OSI Layers Explained – The “What”, “Where”, and “Why” of the OSI Model.
OSI Model in Computer Networking
Three things are certain in this world – death, taxes, and networking students have to learn the OSI stack by heart. Despite being the least palatable part of networking, the layered OSI model is vital in understanding how machines communicate with others. So, because there’s nothing more thrilling than going back to the basics, this article will be dedicated to the ‘infamous’ Open Systems Interconnection model. Enjoy and, of course, don’t forget about that subscription button.
What (exactly) is the OSI Model?
As I’ve mentioned in the intro, OSI is an acronym for Open Systems Interconnection – a conceptual model that homogenizes all communication functions of computing or telecommunication systems. To cut a long story short, OSI showcases how computers or other types of systems “talk” to each other. Why is OSI important in or to networking? Because variety is the spice of life, which in this case means that we need to find some sort of ground for inter-device communication – breaking the language barrier if you will.
Since each system has its own technological distinctiveness and works with different telecom protocols, putting it on the line with a system that boasts the same traits may prove to be challenging. This is the very reason we need OSI – to create a universal standard of communication between devices. Think about it for a second: if not for this standard, how would you be able to send an email from a mobile device to a desktop PC or the other way around? Leaving aside the epistemological aspects, we should agree that without OSI, we could wind up with a (digital) Tower of Babel.
Developed during the late ’70, ISO’s OSI model would officially get adopted in the early ‘80s, thus writing the first page in the history of (standardized) computer networking. The need for OSI becomes more obvious – and stringent – with the rapid development of computing networking methods and technologies. For reference, the ‘70s cradled technologies such as Ethernet, LAN, WAN (Wide-Area Networking), Cable TV, Arpanet (precursor to the modern Internet), the TCP/IP model, and, of course, the Worldwide Web. Naturally, the decade that followed brought even more innovations in the field of computer networking. Now, with all these marvelous protocols and technologies in place, we made machines capable of ‘talking’ to each other, but do they speak the same language? The answer is “no” and this is exactly the same consideration that leads to the creation of the OSI model.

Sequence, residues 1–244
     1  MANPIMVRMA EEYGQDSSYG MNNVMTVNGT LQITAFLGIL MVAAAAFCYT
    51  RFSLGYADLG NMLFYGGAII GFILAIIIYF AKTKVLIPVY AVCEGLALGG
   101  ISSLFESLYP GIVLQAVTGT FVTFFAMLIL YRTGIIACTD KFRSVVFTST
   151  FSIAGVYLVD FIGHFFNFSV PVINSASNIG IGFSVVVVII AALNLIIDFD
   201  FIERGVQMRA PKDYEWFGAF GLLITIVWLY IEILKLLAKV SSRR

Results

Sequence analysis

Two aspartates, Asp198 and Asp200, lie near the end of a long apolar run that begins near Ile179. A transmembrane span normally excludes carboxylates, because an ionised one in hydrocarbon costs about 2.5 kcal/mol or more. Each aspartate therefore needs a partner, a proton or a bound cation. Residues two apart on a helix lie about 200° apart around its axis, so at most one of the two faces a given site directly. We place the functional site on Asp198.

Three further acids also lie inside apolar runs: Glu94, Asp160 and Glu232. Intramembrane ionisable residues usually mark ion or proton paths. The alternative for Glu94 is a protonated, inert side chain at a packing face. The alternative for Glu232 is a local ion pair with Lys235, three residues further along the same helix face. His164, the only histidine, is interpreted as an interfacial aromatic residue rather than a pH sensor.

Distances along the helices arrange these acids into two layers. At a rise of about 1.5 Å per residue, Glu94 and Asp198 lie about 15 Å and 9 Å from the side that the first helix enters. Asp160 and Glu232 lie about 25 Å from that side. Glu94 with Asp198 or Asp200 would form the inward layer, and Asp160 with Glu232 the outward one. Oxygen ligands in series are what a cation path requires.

With the history lesson over, it’s now time to turn our attention to the model itself. OSI is comprised of 7 interdependent layers or levels, each describing the data’s journey, as it travels from one machine to another. Each level performs specific functions that address data transmission issues such as physical addressing, access control, routing, data reassembly, and more. We’ll get familiar with those later in the article. The OSI levels are as follows:
- Layer 1: Physical.
- Layer 2: Data Link Layer (DLL).
- Layer 3 Network.
- Layer 4: Transport.
- Layer 5: Session.
- Layer 6: Presentation.
- Layer 7: Application.
OSI Layers Explained – Layers, Functions, and Services
1. Physical Layer (Layer 1)
The first OSI level describes the physical medium (environment) required in order to transmit raw, binary data between nodes (i.e., machines). Layer 1 includes components such as cable specs (e.g., thin coaxial, category 3,4,5 twisted pair, fiber-optic), repeaters, network adapters, host bus adapters, network interface controllers, wireless technology, and more. As I’ve mentioned, each layer has its own functions.
In layer one’s case, the functions are Bit Synchronization, Bit Rate Control, Physical Topologies, and Transmission Mode.
Physical Layer Functions
- What is Bit synchronization?
In node-to-node communication, bit streams ‘flow’ between the sender and the receiver; and vice-versa. To ensure that the signal is in perfect sync (i.e., knowing where the signal begins and ends), we use a clock. In more technical parlance, this is called a PLL or Phase Locked Loop.
- What is Bit Rate Control?
Unless you want to end up with a bit deluge during a node-to-node transmission, you’re going to need some kind of rate control mechanism. Layer one’s bit rate control function serves exactly this purpose: dictate how many bits are sent out or received every second.